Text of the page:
Sunday, May 28, 2006

Benedict's homily, again

I was interested to see what would be left of Pope Benedict's homily if one took out the explicitly Christian/theistic parts—but left in quotations from Jesus as a teacher. The full text is here. Here's my version.
Dear brothers and sisters. I thank the cardinal primate for the words that he addressed to me. I greet all the bishops here present. I am glad that the president and the authorities of national and local government could be here. I embrace with my heart all the Polish people both at home and abroad.

"Stand firm in your faith!" We have just heard the words of Jesus: "If you love me, you will keep my commandments. With these words Jesus reveals the profound link between faith and the practice of a life inspired by the commandments.

This action is manifested as an inner force that makes [the disciples] capable of loving. Hence faith is a gift, but at the same time it is a task.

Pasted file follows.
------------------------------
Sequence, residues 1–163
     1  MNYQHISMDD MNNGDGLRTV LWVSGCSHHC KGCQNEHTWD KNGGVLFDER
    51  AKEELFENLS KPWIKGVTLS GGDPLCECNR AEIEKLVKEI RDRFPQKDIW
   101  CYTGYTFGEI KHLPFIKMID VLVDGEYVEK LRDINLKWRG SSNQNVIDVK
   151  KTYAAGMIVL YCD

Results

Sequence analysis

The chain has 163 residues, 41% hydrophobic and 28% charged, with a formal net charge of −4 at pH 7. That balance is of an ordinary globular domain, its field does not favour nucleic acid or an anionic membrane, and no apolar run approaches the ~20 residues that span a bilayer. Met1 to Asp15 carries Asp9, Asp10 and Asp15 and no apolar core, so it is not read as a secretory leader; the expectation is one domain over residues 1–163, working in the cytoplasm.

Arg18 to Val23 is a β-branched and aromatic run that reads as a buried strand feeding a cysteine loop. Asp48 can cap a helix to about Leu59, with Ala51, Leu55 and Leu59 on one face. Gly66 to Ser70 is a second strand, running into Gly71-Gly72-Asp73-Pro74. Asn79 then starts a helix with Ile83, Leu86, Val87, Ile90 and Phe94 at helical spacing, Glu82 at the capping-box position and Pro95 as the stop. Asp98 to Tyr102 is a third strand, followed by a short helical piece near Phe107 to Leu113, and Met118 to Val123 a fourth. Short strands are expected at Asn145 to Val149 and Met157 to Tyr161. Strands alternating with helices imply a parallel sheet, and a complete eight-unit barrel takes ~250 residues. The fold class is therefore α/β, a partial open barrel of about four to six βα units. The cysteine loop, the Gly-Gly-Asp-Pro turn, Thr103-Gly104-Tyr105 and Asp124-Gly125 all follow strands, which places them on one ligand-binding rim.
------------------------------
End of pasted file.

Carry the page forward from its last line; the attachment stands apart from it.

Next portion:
Every Christian is bound to confront his own convictions continually, even when it is demanding and, humanly speaking, hard to understand. We must not yield to the temptation of relativism or of a subjectivist and selective interpretation of [Jesus' teachings]. Only the whole truth can open us.

Faith does not just mean accepting a certain number of abstract truths about the mysteries of man, of life and death.

What other response can we give if not that of a heart that is open and ready to love?

This is achieved through continuous prayer, praise, thanksgiving and penance.

Jesus showed us with a new clarity the unifying center of the laws revealed on Sinai, namely love of neighbor: "To love one's neighbor as oneself, is much more than all whole burnt offerings and sacrifices" (Mark 12:33).

In this spirit, Jesus formulated his list of the inner qualities of those who seek to live their faith deeply: Blessed are the poor in spirit, those who weep, the meek, those who hunger and thirst for justice, the merciful, the pure in heart, the peacemakers, those who are persecuted for righteousness' sake ... (cf. Matthew 5:3-12).

Dear brothers and sisters, faith is revealed as love that prompts us to promote the good inscribed into the nature of every man and woman among us, into the personality of every other human being and into everything that exists in the world. Whoever believes and loves in this way becomes a builder of the true "civilization of love,"
Having constructed this version of Benedict's homily, I'm not clear what faith has to do with it. This is all about love and compassion. Why is faith invovled?

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